Gender debates in literature 1683-1701 : the Gould-Egerton and Sprint-Eugenia-Chudleigh controversies : a thesis in partial fulfilment of the requirements for the degree of Master of Arts in English at Massey University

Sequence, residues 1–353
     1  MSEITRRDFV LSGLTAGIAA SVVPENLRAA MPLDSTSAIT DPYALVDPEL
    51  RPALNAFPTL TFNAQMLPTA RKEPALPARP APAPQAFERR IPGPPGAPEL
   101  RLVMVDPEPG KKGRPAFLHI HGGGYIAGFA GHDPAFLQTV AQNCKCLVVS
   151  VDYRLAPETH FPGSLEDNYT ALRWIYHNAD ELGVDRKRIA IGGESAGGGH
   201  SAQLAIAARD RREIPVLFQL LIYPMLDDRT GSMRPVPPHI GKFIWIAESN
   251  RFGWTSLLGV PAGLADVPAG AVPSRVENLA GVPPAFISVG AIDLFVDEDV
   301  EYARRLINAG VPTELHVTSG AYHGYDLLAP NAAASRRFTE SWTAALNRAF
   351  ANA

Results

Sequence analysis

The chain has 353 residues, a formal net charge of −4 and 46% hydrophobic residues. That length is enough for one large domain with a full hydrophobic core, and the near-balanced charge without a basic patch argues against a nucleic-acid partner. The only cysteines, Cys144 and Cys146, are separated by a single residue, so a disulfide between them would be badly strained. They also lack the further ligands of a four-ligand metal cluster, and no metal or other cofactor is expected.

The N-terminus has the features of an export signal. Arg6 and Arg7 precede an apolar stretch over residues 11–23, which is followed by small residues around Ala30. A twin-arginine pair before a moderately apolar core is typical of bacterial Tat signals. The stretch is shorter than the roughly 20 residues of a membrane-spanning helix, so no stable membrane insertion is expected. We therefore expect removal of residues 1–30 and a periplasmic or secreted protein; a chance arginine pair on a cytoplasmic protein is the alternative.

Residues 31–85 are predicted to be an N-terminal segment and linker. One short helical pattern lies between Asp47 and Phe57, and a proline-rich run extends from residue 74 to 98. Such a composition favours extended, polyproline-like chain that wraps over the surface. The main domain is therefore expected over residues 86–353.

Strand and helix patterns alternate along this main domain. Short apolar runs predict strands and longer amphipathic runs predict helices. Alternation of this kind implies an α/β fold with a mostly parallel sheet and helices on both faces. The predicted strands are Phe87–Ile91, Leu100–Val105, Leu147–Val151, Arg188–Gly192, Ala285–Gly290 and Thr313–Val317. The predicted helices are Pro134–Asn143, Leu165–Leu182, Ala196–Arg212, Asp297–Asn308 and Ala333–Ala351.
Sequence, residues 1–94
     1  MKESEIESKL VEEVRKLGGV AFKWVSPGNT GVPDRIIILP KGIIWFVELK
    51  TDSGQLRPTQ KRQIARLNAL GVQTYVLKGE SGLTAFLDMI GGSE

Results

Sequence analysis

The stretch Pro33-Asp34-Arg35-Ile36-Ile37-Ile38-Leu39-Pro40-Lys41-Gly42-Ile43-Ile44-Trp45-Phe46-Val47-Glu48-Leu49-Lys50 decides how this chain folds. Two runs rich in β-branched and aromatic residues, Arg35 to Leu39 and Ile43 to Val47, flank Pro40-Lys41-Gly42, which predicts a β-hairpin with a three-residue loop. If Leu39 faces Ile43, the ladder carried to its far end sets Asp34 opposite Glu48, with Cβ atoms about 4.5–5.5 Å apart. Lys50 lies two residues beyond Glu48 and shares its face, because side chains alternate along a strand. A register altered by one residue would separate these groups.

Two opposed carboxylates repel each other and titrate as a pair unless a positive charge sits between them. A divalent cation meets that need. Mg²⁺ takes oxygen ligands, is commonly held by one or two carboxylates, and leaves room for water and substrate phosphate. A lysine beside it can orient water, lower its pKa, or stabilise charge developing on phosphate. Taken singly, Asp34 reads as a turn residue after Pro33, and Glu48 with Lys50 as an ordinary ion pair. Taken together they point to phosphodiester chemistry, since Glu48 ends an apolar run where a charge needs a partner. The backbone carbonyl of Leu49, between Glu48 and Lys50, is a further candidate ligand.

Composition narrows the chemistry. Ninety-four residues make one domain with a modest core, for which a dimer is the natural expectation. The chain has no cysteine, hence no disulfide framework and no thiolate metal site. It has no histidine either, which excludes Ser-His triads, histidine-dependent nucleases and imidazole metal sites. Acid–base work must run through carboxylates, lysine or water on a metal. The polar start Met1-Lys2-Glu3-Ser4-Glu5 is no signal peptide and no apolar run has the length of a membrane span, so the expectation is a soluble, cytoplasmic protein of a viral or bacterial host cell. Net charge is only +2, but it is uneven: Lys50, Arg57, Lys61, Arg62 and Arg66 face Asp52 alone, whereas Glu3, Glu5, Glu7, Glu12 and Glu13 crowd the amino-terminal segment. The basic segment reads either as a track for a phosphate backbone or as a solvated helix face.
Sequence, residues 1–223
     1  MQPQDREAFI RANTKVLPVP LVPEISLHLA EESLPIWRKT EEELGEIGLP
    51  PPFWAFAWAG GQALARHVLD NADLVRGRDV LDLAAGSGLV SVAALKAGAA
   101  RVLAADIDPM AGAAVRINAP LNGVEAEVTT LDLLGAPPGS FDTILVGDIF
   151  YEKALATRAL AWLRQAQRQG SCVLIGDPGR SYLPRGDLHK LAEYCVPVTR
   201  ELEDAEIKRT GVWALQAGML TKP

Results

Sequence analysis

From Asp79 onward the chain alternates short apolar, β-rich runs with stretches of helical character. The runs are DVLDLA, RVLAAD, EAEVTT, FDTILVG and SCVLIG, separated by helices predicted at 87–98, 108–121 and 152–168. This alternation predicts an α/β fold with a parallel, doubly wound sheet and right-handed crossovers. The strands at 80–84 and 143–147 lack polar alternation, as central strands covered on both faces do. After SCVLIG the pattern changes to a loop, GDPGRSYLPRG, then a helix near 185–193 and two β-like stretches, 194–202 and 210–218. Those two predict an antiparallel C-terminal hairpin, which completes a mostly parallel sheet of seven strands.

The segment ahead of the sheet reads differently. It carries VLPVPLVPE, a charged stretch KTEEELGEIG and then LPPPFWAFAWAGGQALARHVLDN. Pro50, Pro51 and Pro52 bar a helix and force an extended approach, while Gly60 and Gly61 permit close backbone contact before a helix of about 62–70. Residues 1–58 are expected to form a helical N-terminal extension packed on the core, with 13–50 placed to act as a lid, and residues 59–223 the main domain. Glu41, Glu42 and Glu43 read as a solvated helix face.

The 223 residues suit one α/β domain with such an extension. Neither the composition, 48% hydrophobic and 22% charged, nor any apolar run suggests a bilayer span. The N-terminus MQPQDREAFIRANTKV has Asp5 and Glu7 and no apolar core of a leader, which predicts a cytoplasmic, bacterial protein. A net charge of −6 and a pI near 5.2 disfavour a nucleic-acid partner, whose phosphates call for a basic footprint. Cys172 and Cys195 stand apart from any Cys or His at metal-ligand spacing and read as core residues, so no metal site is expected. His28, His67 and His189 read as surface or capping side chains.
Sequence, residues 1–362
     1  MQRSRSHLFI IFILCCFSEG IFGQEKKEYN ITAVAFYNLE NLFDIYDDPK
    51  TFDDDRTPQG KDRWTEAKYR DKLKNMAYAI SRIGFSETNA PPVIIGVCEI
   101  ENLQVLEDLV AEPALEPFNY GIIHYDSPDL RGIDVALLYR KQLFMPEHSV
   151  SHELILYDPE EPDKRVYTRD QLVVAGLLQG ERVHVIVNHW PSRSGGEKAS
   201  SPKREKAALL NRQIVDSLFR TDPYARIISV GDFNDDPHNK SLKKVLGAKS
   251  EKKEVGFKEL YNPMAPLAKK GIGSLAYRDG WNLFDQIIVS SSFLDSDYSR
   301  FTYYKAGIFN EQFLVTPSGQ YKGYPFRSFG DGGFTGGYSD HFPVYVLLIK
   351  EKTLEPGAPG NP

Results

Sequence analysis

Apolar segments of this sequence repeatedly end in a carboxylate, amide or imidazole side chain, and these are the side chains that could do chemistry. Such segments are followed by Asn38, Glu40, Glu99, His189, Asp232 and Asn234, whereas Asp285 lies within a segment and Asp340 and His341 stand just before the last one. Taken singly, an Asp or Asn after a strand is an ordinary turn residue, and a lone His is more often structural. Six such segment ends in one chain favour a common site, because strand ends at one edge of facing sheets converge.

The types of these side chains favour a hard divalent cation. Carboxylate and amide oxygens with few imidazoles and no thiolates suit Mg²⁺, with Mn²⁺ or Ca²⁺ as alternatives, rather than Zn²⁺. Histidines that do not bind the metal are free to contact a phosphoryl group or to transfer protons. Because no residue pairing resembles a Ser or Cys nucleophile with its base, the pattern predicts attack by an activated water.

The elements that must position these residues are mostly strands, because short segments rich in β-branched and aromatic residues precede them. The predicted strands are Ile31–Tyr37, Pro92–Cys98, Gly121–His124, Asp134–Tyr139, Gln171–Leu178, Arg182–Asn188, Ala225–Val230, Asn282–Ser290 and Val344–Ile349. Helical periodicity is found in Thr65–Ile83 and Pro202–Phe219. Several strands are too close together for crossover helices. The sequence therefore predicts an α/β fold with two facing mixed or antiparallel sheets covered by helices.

During the late seventeenth- and early eighteenth-centuries debates about issues of gender and sexual behaviour became prominent in literary discourse. These gender debates were informed by traditions of western literature such as the classical Greeks and Romans and the Bible. In two of these debates we can see the adaptations of misogynist writings to support claims of male superiority, expressions of male desire and women's inherently evil and depraved natures. In contrast, the women reassess the traditions to make room for female equality, expression and expectations. In the work of Robert Gould, Sarah Egerton, John Sprint, "Eugenia" and Lady Mary Chudleigh, we see a crystallisation of arguments in gender debates. Each writer describes their expectations of men's and women's behaviour and voices assumptions about the sexes based on current ideologies. In the works of the women writers we can trace the development of early English feminism.